Columbus, OH

Local artist Annette Simon’s found success in unconventional path

The Lantern
Annette Simons’ “Evening Prayer” painting. Credit: Annette Simons.

Now a permanent artist at Studios on High, Columbus’ longest-running artist-owned and operated gallery , toil painter Annette Simon came to realize her passion after years of life’s setbacks.

After the sudden death of her father at age 8, Simon said she became very introverted and insecure about any future she might have. As one of six children, Simon said she came out of her shell when she began drawing pictures and scenes in the fourth grade.

“That gave me an outlet to express myself even though I wasn’t willing to talk to other people,” Simons said.

Simon said she went on to work as a chairside dental assistant, and five years later, she attended college as a nursing student, where she said she never got away from art.

“The art kept coming up in everything I did. The art kept coming back,” Simon said.

In 1984, Simon said she pursued her love for art when she attended Ohio University for graphic design. After 20 years, Simon finally earned a Bachelor’s in Fine Arts at age 40, when she graduated with honors.

“I had conversations with my husband saying, ‘I’ll be 40 years by the time I get my degree,’ and he said ‘You’re gonna be 40 years anyway,’” Simon said. “As simple as that is, I never thought of it that way.”

Once she settled into Canal Winchester, Ohio, Simon said she started her own studio with four other artists above a local restaurant.

It was colleague and fellow Studios on High artist Marty Husted who encouraged Simon to enter Studios on High’s “Hit the Hop” exhibition —- a contest where local artists can submit their work to the studio for an opportunity to be seen in a gallery setting.

“The people at Studios on High fell in love with her work,” Husted said. “She just has a beautiful, calm sensitivity to her work. So, yes it’s inspiring. I think any artist would be inspired by it.”

In 2018, after four years of entering and selling her art in “Hit the Hop,” Simon said she was offered a position as a permanent oil painter at Studios on High. In 2022, Simon finally knew she was on the right path when she had her first one-woman show, selling 15 out of the 18 paintings on display at the exhibition, she said.

Simon’s daughter, Sarah Spence, said she admires Simon’s astounding resilience and perseverance in the pursuit of her artistic career despite life’s challenges and roadblocks.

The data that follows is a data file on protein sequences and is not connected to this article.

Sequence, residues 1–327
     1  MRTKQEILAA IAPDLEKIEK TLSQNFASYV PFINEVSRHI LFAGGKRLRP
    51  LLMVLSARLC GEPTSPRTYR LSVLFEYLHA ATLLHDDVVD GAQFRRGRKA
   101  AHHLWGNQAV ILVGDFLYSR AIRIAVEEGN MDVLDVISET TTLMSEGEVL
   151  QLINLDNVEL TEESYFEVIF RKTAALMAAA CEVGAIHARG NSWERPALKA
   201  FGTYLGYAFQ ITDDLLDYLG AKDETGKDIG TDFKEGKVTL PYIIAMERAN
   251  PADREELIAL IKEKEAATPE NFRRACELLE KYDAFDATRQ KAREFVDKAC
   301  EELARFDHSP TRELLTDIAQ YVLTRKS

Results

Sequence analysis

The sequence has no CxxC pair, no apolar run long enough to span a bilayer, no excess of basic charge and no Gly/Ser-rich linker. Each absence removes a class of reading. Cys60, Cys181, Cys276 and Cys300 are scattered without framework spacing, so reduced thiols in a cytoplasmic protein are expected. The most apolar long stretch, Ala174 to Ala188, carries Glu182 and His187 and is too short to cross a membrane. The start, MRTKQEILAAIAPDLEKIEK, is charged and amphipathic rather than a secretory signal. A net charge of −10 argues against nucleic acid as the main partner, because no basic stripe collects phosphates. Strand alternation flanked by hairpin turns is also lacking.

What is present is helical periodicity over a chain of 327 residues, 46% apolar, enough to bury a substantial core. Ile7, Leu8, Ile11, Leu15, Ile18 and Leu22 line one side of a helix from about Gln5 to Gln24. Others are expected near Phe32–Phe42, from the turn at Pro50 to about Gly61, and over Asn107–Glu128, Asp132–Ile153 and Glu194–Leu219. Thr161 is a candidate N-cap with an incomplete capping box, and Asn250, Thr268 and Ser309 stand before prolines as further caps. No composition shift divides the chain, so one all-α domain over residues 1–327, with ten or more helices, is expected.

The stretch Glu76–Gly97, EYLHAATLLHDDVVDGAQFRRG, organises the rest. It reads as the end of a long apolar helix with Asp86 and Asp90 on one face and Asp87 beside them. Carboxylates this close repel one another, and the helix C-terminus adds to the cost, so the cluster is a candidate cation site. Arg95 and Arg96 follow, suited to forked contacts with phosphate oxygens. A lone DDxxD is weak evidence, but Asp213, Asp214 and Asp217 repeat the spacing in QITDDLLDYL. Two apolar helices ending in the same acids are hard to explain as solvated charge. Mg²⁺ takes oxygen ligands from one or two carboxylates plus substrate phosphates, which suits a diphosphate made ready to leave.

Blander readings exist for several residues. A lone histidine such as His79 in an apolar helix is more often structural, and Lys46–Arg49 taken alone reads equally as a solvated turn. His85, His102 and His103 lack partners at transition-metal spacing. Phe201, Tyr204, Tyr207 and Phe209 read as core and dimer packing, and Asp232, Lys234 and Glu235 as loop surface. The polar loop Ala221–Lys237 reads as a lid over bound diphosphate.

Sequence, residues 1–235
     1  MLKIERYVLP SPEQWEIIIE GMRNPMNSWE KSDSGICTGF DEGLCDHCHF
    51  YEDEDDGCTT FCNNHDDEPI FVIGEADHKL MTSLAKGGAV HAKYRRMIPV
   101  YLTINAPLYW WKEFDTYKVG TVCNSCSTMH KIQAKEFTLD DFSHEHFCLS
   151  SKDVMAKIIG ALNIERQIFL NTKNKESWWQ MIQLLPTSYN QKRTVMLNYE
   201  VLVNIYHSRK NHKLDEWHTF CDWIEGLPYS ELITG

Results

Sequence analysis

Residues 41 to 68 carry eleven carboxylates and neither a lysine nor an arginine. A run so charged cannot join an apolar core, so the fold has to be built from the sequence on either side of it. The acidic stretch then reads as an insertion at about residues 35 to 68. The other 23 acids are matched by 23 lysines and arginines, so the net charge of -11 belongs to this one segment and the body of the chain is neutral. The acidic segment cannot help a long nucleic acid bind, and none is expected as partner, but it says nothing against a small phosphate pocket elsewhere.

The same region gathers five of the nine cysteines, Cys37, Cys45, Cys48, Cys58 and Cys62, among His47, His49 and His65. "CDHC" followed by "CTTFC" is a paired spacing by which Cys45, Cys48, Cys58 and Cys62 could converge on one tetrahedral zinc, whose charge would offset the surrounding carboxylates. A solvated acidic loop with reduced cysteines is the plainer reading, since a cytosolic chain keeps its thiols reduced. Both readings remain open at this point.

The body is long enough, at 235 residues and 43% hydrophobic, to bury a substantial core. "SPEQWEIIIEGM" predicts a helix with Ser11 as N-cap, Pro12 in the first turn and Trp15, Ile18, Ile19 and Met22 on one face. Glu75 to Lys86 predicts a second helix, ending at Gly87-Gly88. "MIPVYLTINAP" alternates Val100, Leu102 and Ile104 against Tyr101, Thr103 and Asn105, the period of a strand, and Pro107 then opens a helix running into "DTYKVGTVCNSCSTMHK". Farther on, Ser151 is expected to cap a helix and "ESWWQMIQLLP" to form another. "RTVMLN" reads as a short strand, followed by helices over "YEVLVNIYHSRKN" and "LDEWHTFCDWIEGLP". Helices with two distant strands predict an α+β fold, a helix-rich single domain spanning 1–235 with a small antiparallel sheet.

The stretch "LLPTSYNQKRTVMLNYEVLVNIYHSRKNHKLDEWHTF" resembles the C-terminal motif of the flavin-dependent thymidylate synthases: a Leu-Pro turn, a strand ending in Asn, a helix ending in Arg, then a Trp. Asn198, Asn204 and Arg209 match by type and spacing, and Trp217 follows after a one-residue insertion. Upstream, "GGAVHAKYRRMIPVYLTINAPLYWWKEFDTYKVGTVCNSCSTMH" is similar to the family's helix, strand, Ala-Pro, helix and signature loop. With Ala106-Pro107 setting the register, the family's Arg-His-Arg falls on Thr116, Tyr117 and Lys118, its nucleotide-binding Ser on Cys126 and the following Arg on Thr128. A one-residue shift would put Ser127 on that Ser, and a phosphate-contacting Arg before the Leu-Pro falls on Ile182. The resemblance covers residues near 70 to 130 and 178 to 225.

“I think she’s been determined to say, ‘This is going to be my life,’ and she’s made it into her life. It’s inspiring to see that,” Spence said.

A professional artist with a preference for still life, Simon said she considers herself an impressionistic realist, trying to make the ordinary seem extraordinary.

Simon explained that her unique style of painting to elevate everyday items was first inspired by Wendy Holden’s “Born Survivors,” a true story about three mothers surviving concentration camp experiences.

“They talk about what they longed for, and one said, ‘I just wanted a bowl and a spoon to eat my food from instead of off the floor,’” Simon said. “It became clear to me, the stuff that we use every day, just like a bowl and a spoon, how much we take that for granted.”

An advocate for representational art, synonymous with realism, Simon paints scenes that viewers can immediately relate to and recognize. She enjoys and appreciates the idea of representing a place or object as it is now in her lifetime.

“People will say, ‘Well that’s just silly, why would you have to show me something that I already know?’ Well, I don’t know, but it’s being unappreciated,” Simon said.

When painting with pigment oils, Simon selects one warm and cool shade of red, yellow and blue. From there, Simon said she designs her paintings to be visually cohesive by mixing these three colors to make the rest.

Husted said he commends Simon’s attention to detail and color.

“She doesn’t just copy something, she goes beyond that with her color choice, with her execution and her sensitivity,” Husted said. “Her work is, it’s beautiful, it’s ethereal.”

Over the years, Simon has expanded her abilities to include jewelry-making, metal smithing and copper enamel, all of which help inspire her oil paintings.

“I honestly don’t ever feel that I’ve completed my education,” Simon said. “It retrains your brain to think of different ways to do things. Then you go back to your painting and you think ‘Oh, I could do that here.”’

Growing up with her mother, Spence adopted a creative spirit of her own while battling multiple chronic illnesses, she said. Spence said Simon helped her develop the skills to operate two online Etsy shops where she designs bracelets and clothing.

“What I did was use that creativity that she taught me,” Spence said. “She’s really given me something that I wouldn’t have had otherwise, you know, a way to make an income around being sick.”

Simon said that above all else her love for art stems from its innate nature to transport the artist away from life’s struggles, even using something as simple as crayons and a coloring book.

“I escape, and that’s what brings me peace,” Simon said.

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